Campus News

Researchers: Lithium may ease nerve pain caused by chemotherapy

Taxol, generically called paclitaxel, is a widely used drug in chemotherapy treatments. It is used to treat cancer in the lungs, ovaries and breasts, but it also can cause severe neuropathic pain and sensory dysfunction.

The National Cancer Institute estimates that 30 to 40 percent of cancer patients treated with chemotherapy experience nerve pain. This pain can last for years and affect a patient’s ability to walk and write.

However, researchers in UGA’s College of Pharmacy have discovered that lithium reduces the neuropathic pain accompanying the use of Taxol.

“Neuropathic pain caused by the chemotherapy drug Taxol is a clinical challenge both to the doctor and the patient with the cancer because currently there is no effective treatment for this type of pain,” said Han-Rong Weng, an assistant professor of pharmaceutical and biomedical sciences in the pharmacy college.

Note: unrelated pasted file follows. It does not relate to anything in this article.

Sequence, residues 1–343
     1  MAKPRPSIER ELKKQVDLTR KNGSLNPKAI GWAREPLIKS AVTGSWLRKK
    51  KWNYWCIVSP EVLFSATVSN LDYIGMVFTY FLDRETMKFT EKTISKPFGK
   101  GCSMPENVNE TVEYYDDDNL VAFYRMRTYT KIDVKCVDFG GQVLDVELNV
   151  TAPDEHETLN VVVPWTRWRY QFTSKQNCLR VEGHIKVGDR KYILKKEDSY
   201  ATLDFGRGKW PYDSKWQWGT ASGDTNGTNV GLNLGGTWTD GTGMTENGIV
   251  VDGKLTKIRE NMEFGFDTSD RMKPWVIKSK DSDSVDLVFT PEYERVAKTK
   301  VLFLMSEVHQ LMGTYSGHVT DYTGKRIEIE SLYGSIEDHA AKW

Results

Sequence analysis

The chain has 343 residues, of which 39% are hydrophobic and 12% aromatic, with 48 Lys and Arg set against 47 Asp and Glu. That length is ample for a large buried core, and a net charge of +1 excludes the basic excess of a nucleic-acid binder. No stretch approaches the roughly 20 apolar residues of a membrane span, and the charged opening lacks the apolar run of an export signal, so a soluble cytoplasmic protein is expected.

Weng and his team are the first group of researchers to discover that lithium, which commonly is used to treat depression and other mental illnesses, can reduce and prevent Taxol-induced neuropathic pain.

Using healthy, adult-male, Sprague-Dawley rats, Weng tested the effects of treating them with lithium before administering Taxol, to reduce nerve pain. After 10 days, the rats were tested for their mechanical and thermal sensitivity to determine the presence of sensory nerve pain.

Over this period of time, the rats pre-treated with lithium experienced less pain and ultimately no pain, according to the results, which are available in the online version of Neuroscience.

Weng and his team also discovered one way lithium prevents nerve pain caused by Taxol. The drug increases the presence of an enzyme that leads to nerve inflammation around the spinal cord. If uncontrolled, this inflammation can lead to pathological pain.

Lithium blocks that activity, thus preventing that pain.

Contributing authors on this paper include Mei Gao and Xisheng Yan, both of whom are postdoctoral associates in the College of Pharmacy.